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Rugby Australia statement: Michael Hooper and the 2024 Olympics

By Liam Heagney
(Photo by Saeed Khan/AFP via Getty Images)

Michael Hooper is on course to potentially clash with Antoine Dupont at next year’s Olympic Games after Rugby Australia confirmed that the ex-Wallabies skipper will be part of his country’s men’s sevens squad in 2024.


The confirmation came just hours after it was revealed in France that Dupont is set to miss the upcoming Guinness Six Nations and instead play on the revamped HSBC SNVS Series so that he can take part in the Games next July at Stade de France.

A statement read: “Australia’s most-capped Wallabies captain, Michael Hooper, has signed on with Rugby Australia’s sevens squad for 2024 and will embark upon the upcoming global HSBC SVNS Series, as the programme sets its sights on the 2024 Olympics in Paris.

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“A four-time winner of the John Eales medal as the Wallabies player’s player of the year, Hooper switches to the sevens programme having made his Super Rugby debut in 2010 for the NSW Waratahs and with 125 Test caps to his name.

“Hooper will join the sevens programme full-time in January and is hopeful of playing in his first tournament on home soil at the inaugural Perth SVNS over the Australia Day long weekend.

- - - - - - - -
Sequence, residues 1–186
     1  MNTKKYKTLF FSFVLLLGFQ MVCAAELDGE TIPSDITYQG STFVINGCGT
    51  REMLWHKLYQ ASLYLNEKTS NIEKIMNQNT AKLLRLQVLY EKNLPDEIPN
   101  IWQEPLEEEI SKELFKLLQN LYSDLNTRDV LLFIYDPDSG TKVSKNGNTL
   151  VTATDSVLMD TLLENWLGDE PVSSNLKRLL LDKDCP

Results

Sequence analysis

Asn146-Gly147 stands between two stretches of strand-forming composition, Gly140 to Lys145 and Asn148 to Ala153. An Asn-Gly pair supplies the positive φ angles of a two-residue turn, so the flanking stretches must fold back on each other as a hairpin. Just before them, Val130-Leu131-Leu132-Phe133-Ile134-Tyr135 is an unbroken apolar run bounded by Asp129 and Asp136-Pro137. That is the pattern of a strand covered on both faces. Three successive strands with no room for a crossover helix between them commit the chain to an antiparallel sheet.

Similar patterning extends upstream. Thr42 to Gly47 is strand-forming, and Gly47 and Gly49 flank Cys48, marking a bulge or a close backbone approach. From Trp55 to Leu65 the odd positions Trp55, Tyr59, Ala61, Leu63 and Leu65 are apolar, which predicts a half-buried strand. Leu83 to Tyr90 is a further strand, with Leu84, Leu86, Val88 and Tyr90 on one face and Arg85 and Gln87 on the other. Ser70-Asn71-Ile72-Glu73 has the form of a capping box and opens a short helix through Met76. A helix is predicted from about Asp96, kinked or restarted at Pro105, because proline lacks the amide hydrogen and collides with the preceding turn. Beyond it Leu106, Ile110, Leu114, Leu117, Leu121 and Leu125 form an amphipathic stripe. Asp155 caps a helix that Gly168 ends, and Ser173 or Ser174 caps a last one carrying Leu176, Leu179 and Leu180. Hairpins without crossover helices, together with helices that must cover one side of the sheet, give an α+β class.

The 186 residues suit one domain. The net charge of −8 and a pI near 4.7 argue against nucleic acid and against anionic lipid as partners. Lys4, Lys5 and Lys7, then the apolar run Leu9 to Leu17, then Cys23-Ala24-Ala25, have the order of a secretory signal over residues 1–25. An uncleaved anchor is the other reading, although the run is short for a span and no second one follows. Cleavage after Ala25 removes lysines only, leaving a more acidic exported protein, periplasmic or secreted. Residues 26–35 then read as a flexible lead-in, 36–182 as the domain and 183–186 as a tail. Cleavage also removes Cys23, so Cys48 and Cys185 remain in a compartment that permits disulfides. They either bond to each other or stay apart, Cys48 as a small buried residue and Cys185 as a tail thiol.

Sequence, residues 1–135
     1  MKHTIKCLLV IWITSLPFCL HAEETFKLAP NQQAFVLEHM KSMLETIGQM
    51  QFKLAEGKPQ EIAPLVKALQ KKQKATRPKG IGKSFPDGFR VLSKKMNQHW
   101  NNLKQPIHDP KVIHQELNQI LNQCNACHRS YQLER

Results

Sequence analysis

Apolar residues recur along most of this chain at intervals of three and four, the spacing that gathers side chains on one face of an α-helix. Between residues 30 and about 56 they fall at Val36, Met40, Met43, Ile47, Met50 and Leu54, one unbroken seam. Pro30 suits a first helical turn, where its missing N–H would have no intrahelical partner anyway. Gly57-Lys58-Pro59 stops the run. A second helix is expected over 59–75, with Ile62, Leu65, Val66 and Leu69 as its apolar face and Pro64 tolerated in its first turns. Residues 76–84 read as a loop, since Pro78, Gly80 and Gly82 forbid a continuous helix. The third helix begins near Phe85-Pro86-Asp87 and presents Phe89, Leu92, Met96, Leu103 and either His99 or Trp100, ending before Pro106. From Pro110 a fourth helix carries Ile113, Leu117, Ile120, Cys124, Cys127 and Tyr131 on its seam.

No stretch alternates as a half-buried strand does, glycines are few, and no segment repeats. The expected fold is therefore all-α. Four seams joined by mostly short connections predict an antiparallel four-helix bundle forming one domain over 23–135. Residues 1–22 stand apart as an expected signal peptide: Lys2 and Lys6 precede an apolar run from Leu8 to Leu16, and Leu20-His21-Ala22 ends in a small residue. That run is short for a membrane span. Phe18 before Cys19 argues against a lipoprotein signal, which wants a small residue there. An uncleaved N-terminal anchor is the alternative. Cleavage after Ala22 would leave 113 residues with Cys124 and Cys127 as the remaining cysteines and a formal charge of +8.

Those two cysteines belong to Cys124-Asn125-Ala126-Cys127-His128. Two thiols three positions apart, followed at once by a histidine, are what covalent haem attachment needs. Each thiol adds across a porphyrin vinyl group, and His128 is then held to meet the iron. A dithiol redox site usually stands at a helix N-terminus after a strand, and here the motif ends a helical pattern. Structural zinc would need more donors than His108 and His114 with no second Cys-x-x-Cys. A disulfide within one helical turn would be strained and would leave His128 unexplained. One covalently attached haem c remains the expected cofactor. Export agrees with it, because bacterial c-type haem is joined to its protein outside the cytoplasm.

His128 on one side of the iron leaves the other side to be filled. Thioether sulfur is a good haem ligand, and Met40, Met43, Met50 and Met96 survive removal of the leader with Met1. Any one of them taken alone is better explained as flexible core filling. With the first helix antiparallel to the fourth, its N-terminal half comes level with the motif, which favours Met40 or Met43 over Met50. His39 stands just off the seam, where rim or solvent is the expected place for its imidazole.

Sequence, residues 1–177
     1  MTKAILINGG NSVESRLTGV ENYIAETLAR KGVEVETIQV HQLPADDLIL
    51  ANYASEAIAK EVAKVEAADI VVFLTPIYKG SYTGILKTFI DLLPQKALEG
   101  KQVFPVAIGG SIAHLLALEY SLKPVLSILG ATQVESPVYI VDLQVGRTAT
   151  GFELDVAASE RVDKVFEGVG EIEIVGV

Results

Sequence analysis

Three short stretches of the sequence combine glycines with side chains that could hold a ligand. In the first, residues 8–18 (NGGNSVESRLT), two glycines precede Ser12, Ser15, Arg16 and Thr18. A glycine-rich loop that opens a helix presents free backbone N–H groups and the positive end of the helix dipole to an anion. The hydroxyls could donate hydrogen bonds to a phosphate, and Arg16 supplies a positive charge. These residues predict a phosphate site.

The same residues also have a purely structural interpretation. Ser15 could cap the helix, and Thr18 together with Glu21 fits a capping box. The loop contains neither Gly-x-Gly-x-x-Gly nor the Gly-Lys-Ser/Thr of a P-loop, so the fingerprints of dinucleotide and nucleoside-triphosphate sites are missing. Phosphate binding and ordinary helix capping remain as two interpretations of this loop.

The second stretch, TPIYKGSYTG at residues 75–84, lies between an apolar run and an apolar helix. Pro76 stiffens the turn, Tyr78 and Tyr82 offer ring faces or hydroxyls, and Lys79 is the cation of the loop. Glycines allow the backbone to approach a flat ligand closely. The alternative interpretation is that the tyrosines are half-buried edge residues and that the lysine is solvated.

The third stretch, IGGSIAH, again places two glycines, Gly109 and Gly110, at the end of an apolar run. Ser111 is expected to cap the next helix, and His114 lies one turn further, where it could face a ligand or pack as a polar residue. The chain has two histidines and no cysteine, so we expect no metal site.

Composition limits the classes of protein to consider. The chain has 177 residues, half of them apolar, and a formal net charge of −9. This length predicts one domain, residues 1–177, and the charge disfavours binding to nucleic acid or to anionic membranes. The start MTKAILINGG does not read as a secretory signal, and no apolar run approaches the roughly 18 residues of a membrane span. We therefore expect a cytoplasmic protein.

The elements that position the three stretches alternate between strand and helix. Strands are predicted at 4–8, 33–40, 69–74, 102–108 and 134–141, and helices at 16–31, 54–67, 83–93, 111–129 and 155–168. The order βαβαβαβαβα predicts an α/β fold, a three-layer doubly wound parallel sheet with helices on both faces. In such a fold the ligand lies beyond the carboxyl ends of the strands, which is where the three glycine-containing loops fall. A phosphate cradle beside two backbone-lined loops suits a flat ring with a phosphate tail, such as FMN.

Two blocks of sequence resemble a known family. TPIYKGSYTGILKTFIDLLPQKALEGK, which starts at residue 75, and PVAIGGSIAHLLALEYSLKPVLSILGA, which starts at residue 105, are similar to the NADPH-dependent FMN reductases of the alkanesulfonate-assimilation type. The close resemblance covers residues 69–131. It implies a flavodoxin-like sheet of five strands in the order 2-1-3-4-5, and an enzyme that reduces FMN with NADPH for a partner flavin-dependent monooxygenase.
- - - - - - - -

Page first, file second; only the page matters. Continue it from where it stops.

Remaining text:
“World Rugby has revamped the global HSBC SVNS Series for 2024, with the calendar now incorporating eight rugby festivals in major cities around the world, and with both men’s and women’s competitions taking place at each event – Perth being the third stop of the new season.

“The Australian men’s sevens qualified automatically for the Olympics as a result of their finishing position in last year’s World Rugby Sevens Series, with the sevens showpiece tournament to be held at the Stade de France in Paris next July.


“The Australian men’s and women’s sevens teams begin their SVNS series campaign on December 2-3 in Dubai before visiting Cape Town, Perth, Vancouver, Los Angeles, Hong Kong, Singapore and Madrid on the road to the 2024 Paris Olympics.”

Hooper said: “I’d like to thank John Manenti (Australian men’s sevens coach) and Scott Bowen (national performance manager – sevens) for the opportunity to join the programme in what is a massively exciting year with the Olympics on the horizon.

“The transition is something I have thought a lot about and I’m extremely motivated by the challenge of playing sevens and trying to earn my way into this team. I’ve started making a few changes to my training in preparation and can’t wait to get started in January.”

Manenti added: “Michael is an outstanding rugby player and a great leader, so we are thrilled to have him join our programme. We know he has got a strong skillset for sevens and a big engine and we are looking forward to helping him transition quickly to the format.


“He is a player with big-game experience and to have someone like Michael in our set-up can be a point of difference for us next year.”

  • HSBC SVNS Perth is the third round of the season and takes place at HBF Park in Perth from January 26-28. Click here for tickets

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Shaylen 3 hours ago
Ireland and South Africa share the same player development dilemma